As the summer inches towards August, I’ve been doing my fair share of thinking about senior year and reflecting on the last three. I am overly sentimental about how quickly time goes by: Yale has been magical but short, a whirlwind that passes sometimes too quickly for proper appreciation. For this post, I wanted to share a couple of moments and experiences sprinkled throughout the years that by no means makes up my Yale experience but are each important on its own.  

First is my history of art seminar titled “Art & Revolution in the Modern Middle East.” The 18-person class is situated in Loria, the building with an arts library that sits next to the Architecture School. In my mind, Loria is always a cheerful bright orange, the color of Haas Arts Library’s carpet. Over time, these places have become spaces unique to me. Freshman spring, I took my first college history class in a cozy lecture room on Loria’s third floor. The class, “A History of South Africa,” changed the way I view history. The professor, eloquent and articulate, made us tear up at the last lecture.       

Back to art history, having spent a couple of weeks in Israel and Palestine studying the conflict, I was intrigued. After reading the syllabus, shopping period gave me the chance to participate in person, and I loved it. Despite understanding only half of the references to art movements and theories, I knew from the way the professor discussed the material that I wanted to dive in and learn more.

Having taken an amazing photography class, I thought I would have some grounding when it comes to the intersection of visual media and geopolitics. Soon, in the midst of a heated discussion on surrealism in Italy and Egypt, I found myself in uncharted territory.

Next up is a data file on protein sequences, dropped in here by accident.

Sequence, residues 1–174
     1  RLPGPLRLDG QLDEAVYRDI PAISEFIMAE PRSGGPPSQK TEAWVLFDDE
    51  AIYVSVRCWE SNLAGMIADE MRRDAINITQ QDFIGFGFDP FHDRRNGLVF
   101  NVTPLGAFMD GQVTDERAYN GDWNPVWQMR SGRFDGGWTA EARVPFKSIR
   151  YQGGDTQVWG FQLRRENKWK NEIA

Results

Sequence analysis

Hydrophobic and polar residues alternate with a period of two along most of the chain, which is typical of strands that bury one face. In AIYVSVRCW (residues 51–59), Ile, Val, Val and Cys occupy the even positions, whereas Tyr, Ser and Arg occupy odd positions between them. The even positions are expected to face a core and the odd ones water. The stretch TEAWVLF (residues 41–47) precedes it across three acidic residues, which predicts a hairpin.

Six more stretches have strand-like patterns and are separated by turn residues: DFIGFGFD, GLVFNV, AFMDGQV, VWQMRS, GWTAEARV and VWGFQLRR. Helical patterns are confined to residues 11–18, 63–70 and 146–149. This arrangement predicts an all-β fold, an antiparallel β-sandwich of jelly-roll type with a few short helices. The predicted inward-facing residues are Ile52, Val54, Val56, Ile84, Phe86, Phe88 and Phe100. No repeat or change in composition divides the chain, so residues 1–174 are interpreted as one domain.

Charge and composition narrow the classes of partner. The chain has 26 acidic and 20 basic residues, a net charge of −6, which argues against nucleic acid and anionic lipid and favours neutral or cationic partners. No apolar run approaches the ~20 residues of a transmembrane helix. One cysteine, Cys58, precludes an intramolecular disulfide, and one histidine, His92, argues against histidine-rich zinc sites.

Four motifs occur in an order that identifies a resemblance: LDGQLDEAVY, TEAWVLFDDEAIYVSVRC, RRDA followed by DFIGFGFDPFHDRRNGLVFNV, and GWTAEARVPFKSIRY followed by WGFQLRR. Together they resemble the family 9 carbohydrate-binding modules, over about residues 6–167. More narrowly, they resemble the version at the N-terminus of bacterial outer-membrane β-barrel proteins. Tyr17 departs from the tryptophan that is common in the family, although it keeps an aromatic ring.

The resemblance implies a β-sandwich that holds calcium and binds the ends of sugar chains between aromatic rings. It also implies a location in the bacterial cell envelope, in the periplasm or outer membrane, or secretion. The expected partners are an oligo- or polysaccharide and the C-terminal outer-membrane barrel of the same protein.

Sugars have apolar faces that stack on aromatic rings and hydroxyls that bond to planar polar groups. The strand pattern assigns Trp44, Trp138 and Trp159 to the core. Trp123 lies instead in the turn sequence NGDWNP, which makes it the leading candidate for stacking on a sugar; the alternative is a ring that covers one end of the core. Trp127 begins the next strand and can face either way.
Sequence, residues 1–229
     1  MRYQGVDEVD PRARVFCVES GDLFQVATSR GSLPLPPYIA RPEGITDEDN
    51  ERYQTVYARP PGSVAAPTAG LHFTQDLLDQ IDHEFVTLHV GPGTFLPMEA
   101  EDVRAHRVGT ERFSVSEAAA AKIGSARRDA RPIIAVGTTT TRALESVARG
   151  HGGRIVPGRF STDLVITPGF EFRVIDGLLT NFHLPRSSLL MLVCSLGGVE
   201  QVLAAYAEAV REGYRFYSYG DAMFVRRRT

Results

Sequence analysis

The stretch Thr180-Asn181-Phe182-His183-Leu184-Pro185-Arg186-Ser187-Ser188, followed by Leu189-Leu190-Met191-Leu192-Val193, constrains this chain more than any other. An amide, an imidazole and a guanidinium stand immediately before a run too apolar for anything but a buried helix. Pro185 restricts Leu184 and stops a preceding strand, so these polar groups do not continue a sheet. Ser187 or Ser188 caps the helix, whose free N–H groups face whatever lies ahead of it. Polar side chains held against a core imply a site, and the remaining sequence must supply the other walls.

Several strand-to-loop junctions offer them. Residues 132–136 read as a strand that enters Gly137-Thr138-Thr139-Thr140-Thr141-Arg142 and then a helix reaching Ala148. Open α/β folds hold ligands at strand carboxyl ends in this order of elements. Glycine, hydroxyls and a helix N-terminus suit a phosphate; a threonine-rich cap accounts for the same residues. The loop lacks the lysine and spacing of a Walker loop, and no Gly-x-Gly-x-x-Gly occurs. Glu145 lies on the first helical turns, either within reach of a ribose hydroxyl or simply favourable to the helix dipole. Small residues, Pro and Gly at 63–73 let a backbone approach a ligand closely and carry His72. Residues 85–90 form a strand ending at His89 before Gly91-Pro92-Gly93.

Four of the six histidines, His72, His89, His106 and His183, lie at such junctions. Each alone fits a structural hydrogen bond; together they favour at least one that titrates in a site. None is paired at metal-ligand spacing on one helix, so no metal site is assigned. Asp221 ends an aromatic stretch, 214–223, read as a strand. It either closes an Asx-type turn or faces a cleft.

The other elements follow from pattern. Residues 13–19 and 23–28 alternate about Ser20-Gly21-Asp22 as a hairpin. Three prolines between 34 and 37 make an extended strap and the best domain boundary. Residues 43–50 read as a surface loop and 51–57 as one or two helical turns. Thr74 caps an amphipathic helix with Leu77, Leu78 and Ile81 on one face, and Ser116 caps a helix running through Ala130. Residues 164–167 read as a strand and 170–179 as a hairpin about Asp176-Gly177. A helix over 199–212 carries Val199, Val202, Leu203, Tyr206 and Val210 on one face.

It is precisely this challenge of catching up to speed with art history and area studies majors that made the seminar one of the most rewarding learning experiences I’ve had yet. Never before have I spent an hour staring intensely into an abstract expressionism painting at the Yale University Art Gallery. Since it was uncharted territory, I had the freedom and levity to experiment. Approaching the term paper, I could make mistakes and not settle for mediocrity. Who knows when I will take my next art history class, but this seminar has been a gem.

Second, butteries. By answering questions like “what utensil represents you?” and “can you push a button on a microwave,” you could become a buttery worker. Butteries are amazing late-night snack places located under each residential college. Over time, more and more of my friends have joined the talented ranks working the buttery each night, making amazing buffalo chicken quesadillas.

More than just a late-night eatery, butteries have become socializing spots that hosts a range of characters, from people jamming to music and chatting to folks working on a project. I remember my first year at Yale, when we all lived on Old Campus, my suite would rile up our neighbors up and down the entryway in Bingham Hall to trek over to the buttery in Hopper. It was an adventure, every single time.

Since then, I’ve attended open mics and various study breaks in our buttery. Now that I can just walk downstairs, there’s no reason not to drop by the buttery for a bit on a given day, especially when my friends are there. It’s become home, and the buttery is a college-sized living room to catch up with people after a long day. 

Finally, deep conversations in unexpected places. Much that colors my Yale experience has been the conversations. The really meaningful ones can never be planned for. Whether it’s in the middle of a courtyard under a full moon or on a stroll after a spring storm, these conversations don’t relay their importance until long afterwards. What makes the time spent at Yale magical, in part, is what my friend’s favorite word hints at: serendipity.